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The Wallaby Threat – A hop, skip and jump away from our happy hunting grounds

A plot at Ōkataina near Rotorua fenced off to exclude wallabies shows the damage (at left) wallabies do to our native forest. Photo: Biosecurity New Zealand

While familiar to hunters, surprisingly, not everyone knows New Zealand has wallabies in the wild, about the damage they do, or that they are spreading – including ever closer to our much-loved backcountry haunts.

About wallabies in New Zealand

Wallabies were introduced to New Zealand from Australia in the late 1800s, mainly for hunting. Bennett’s wallabies were introduced into South Canterbury from Tasmania, while the smaller dama and parma species were brought into the Rotorua Lakes area from Kawau Island where Sir George Grey had several species in a private zoo.

Wallabies are nocturnal, shy and elusive. They normally avoid human contact, hiding in scrub or forest margins during the day and coming out at dusk to graze before disappearing again before sunrise. Wallabies don’t have any natural predators here and have adapted so well that they’re now a major pest chewing their way through our farms, forests, native bush and landscapes. Conservatively, it’s estimated that there are more than 1 million pest wallabies in the wild – basically, one wallaby for every five New Zealanders.

If left unchecked, estimates are that wallabies could spread to over one third of New Zealand within 50 years,1 costing New Zealanders millions of dollars each year in damage to our productive and natural environments.

As a result, wallabies are an Unwanted Organism under New Zealand’s Biosecurity Act 1993 – making it illegal to hold, move or transport wallabies without specific authorisations. Those who do so can face significant penalties, including fines of up to $100,000 and/or prison for up to five years.

Wallabies breed easily and, with their exceptional ability to pause pregnancies and have a ‘pre-prepared’ embryo available immediately, it is a huge concern that within a short time, the illegal release of a single pregnant female can easily create a new population in a new area.

Because wallaby distribution is localised, people believe pest wallabies to be a ‘local’ problem. However, they’ve been spreading from South Canterbury down to Otago and from the Rotorua Lakes area into other areas of the Bay of Plenty and parts of the Waikato. Without action, what might now be a local problem will soon be a significant national problem like possums and rabbits.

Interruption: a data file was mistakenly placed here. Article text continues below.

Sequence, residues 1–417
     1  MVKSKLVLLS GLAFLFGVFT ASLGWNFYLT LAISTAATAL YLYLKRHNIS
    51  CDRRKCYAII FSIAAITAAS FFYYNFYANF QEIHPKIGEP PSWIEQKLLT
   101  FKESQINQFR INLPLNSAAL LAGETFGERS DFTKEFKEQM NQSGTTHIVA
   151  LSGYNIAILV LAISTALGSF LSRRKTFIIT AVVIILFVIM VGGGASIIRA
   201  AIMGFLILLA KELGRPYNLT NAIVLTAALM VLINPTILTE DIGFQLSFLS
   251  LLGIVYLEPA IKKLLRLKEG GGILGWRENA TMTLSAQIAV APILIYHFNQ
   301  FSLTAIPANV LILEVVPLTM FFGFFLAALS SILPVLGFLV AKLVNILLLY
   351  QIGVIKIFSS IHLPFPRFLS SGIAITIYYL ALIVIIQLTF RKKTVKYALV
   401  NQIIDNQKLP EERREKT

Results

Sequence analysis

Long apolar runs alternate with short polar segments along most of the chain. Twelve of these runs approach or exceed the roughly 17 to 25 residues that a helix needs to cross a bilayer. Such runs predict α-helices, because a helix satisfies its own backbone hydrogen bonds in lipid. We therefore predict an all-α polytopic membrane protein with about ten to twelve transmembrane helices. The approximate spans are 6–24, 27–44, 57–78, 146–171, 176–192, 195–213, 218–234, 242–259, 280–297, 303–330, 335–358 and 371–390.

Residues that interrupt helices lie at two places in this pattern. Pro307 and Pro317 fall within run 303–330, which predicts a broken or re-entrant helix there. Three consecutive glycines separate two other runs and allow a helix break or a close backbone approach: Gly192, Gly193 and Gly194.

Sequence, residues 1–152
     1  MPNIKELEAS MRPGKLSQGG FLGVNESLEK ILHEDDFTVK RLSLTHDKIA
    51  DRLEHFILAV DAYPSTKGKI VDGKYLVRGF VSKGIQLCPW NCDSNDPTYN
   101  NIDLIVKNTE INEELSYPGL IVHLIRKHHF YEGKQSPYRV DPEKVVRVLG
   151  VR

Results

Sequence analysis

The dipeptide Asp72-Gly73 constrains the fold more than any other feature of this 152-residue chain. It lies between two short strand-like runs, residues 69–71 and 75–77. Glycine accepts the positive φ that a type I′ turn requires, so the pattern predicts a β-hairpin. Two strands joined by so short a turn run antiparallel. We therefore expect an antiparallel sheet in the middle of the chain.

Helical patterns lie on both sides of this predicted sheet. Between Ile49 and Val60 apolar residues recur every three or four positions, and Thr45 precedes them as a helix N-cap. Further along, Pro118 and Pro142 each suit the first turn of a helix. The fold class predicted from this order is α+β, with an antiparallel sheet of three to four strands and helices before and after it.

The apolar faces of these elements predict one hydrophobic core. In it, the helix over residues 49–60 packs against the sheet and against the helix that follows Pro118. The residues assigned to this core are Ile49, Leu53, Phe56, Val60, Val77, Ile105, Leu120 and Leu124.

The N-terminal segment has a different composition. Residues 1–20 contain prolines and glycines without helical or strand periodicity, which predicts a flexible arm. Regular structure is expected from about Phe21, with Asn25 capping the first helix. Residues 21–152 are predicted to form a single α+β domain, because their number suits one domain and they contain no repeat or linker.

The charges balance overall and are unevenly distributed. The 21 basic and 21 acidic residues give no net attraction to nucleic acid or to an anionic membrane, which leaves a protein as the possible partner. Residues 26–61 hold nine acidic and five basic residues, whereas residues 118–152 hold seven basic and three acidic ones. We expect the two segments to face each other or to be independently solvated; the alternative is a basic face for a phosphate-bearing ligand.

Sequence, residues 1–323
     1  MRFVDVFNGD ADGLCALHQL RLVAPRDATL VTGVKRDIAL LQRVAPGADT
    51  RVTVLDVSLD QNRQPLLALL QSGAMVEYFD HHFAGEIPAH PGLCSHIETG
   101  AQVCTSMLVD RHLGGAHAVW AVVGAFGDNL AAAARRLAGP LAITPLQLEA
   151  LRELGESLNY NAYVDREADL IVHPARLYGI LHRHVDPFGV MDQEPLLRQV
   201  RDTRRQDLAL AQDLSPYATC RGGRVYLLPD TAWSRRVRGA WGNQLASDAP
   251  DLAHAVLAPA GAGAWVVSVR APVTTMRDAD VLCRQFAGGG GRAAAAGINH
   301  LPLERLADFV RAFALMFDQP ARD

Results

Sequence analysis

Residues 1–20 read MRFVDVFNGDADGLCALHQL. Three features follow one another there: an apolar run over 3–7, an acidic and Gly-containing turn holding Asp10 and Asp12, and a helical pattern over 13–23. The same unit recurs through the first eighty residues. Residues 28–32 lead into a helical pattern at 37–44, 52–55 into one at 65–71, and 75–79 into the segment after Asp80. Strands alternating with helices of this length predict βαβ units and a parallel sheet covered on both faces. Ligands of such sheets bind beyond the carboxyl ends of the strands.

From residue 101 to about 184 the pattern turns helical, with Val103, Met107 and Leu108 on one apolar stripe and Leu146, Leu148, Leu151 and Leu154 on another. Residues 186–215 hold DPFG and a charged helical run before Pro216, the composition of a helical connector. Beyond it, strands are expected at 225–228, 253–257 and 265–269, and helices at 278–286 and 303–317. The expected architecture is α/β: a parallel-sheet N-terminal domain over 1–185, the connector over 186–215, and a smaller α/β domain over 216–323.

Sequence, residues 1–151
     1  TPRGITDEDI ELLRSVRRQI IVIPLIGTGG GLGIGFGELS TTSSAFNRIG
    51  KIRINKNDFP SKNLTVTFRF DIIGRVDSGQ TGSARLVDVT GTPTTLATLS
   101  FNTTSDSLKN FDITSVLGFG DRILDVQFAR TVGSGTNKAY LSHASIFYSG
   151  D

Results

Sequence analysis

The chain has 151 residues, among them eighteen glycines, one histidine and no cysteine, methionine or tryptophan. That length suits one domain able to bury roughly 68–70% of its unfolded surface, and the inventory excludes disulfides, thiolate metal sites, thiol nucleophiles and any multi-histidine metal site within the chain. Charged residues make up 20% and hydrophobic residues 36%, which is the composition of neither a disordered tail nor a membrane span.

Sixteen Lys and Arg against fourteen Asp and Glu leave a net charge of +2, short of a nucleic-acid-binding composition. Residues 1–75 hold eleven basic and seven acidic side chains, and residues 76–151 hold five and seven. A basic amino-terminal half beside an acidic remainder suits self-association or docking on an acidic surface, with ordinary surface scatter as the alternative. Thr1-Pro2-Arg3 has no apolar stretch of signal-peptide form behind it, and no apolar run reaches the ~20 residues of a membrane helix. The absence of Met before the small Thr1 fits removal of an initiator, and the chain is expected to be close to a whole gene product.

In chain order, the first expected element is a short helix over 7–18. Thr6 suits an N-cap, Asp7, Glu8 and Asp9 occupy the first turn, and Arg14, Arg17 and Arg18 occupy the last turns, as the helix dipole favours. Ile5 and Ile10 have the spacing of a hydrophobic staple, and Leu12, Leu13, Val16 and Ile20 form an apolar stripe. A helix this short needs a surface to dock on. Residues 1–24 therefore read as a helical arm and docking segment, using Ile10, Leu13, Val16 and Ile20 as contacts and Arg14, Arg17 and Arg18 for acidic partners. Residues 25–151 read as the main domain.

The maps show predicted spread, including into many popular game hunting and recreational areas, by 2065 if nothing is done about the wallabies. Amongst others, parts of the Kaimanawa, Kaweka and Raukumara ranges in the North Island and the South Island’s Aoraki/Mt Cook, Mt Aspiring and Mt Somers areas are all under threat.

Pest wallabies are everyone’s problem, and by acting now, we have the chance to stop them and their damage becoming as widespread as other introduced pests.

How do wallabies affect our natural environments and enjoyment of them?

It can be difficult to convince people that wallabies are pests; the perception is that they’re cute and harmless. With a predator like a stoat, people see the harm, whereas the impact of wallabies is slower and more insidious.

Wallabies are herbivores that prefer to eat young plants, making them an environmental threat to New Zealand’s private and public conservation land. Besides grazing and damaging farm pasture and crops, wallabies browse on seedlings that become our native bush and scrub. Browsing by introduced pests stops seedlings from becoming saplings and, eventually, the mature vegetation that provides food and habitat to other species as well as filtering rainfall that helps with water quality and erosion prevention.

Additionally, by eating seedlings and killing young trees, wallabies may reduce the uptake of atmospheric carbon as vegetation grows causing forests to release rather than hold carbon.

Alongside the devastation to native flora, wildlife habitat and food sources, by lessening the number of plant species, wallabies change the structure and biodiversity of our bush and backcountry environments. This affects the health of these environments and the wildlife dependent on them. It also impacts our experiences and the restorative effect these environments have on our individual and collective wellbeing.